In previous blogs, we’ve discussed the temporary changes to the law being brought about by the UK Government’s Corporate Insolvency and Governance Bill. The Bill is set to strip Landlords of some of the tools available to recover arrears from their tenants. It will render statutory demands served between 1 March to 30 June 2020 ineffective, while making it near impossible for landlords to liquidate tenants (by winding them up) if they have been financially affected by COVID-19.

We talked about the Bill in more detail here and the fact that most tenants will be able to argue that they have taken a financial hit as a result of COVID-19. Two recent cases in the English High Court demonstrate this, even before the new rules become law. In both cases, the tenants were successfully granted court orders to protect them from being made insolvent by their landlords.

Travelodge Hotels Limited v Prime Aesthetics Limited, Prime Hotels Limited, Orbital Estates Limited [2020] EWHC 1217

  • Travelodge could show that prior to the COVID-19 outbreak, its business was in a “relatively healthy state”. By contrast, during the lockdown restrictions, its revenues dropped by 95%.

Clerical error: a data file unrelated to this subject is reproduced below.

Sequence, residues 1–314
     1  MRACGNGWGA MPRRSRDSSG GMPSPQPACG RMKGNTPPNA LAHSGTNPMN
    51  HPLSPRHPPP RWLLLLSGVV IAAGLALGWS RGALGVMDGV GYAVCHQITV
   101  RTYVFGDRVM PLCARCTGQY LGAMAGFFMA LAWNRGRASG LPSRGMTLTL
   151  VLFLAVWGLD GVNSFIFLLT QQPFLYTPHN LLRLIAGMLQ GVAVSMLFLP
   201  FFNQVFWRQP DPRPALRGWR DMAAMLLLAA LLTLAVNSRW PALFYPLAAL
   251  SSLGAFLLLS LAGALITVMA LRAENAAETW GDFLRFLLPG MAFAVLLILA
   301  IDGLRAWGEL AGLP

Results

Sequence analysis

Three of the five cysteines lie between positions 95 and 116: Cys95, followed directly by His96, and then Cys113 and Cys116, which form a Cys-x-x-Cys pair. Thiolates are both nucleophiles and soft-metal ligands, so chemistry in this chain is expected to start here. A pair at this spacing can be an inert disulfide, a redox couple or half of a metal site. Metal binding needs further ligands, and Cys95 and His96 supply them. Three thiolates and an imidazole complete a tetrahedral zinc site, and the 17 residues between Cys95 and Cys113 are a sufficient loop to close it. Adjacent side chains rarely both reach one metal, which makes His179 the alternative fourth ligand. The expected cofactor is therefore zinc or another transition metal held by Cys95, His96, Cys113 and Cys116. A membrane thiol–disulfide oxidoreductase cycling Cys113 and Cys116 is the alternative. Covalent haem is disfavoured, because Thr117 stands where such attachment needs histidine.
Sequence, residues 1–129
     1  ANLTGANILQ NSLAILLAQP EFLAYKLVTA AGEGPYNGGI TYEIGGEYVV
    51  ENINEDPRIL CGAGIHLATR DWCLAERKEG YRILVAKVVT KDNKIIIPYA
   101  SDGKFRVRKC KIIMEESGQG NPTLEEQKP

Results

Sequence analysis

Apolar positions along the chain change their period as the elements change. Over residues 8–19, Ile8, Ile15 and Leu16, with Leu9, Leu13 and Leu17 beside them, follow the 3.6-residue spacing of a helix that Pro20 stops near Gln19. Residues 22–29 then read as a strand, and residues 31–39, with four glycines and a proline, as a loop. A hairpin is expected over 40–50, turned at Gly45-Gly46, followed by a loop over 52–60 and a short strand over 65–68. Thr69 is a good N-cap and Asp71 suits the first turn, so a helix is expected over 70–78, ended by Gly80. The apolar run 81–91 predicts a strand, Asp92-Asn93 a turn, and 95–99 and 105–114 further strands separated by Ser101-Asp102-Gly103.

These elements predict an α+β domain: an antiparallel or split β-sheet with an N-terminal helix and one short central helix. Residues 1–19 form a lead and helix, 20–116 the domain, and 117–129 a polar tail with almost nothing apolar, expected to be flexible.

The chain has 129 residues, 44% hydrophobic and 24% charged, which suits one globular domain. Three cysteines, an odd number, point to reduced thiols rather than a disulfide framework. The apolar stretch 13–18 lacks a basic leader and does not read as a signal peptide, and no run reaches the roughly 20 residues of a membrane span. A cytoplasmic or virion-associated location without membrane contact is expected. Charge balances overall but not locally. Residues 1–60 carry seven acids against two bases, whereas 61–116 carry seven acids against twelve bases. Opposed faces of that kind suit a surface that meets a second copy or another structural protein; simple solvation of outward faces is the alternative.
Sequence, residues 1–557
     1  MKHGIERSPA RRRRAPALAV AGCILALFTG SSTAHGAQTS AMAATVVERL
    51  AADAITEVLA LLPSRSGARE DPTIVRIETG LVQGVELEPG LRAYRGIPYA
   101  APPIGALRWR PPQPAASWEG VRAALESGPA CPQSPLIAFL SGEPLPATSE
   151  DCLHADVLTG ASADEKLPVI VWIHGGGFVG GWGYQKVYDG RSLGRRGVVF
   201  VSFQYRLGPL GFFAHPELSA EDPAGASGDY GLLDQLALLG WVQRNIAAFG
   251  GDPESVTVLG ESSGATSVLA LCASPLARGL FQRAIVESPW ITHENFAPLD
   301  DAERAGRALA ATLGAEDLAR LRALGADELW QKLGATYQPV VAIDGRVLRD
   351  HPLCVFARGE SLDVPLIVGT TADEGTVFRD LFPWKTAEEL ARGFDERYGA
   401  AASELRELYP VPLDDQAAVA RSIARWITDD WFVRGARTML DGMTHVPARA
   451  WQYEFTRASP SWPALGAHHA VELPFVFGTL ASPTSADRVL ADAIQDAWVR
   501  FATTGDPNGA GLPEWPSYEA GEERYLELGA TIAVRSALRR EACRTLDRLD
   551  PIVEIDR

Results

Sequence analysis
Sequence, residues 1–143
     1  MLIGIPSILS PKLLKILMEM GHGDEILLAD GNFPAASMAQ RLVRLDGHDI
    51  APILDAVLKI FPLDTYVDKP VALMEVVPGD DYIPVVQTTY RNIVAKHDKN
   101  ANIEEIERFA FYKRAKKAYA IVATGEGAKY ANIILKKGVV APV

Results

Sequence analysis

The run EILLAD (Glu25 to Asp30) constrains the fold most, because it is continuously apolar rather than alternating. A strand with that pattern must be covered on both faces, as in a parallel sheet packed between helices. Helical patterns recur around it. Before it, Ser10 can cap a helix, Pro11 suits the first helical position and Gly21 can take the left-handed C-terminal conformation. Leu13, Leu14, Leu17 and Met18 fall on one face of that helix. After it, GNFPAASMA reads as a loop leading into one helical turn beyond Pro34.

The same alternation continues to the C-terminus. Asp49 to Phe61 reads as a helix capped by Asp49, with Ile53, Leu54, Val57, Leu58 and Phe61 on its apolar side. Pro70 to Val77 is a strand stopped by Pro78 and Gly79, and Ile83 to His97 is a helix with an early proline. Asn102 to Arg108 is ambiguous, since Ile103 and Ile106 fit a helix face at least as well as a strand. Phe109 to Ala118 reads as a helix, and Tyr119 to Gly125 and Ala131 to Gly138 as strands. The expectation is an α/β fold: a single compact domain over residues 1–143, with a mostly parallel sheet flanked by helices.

• The court was convinced that Travelodge fell within the category of tenants the Government sought to protect through its proposed changes to the law.
  • The hotel chain also had a turnaround plan in place and the court agreed that allowing this plan to take its course would be more beneficial to the landlord than winding up.

Re A Company (Injunction to Restrain Presentation of Petition) [2020] EWHC 1406

  • While it wasn’t explained here how the anonymous high street retailer had been financially impacted by COVID-19, the Court was convinced that there was “a strong case (at the lowest)” that it had been.
  • The Court emphasised that its decision was supported by the Bill’s “clear policy objectives”.

Even while we remain in limbo – waiting for the Bill to become law – the trajectory of the English courts is clear, and the position for landlords even more so. Landlords are going to be incredibly hard pushed to successfully wind up tenants if there’s any suggestion that their business has been financially disrupted by COVID-19. We expect Courts in Scotland to take a similar approach. The Bill is due to enter its final stages in Parliament this week, after which we anticipate that it will (finally) come into force.


Sophie Airth

Trainee at Brodies LLP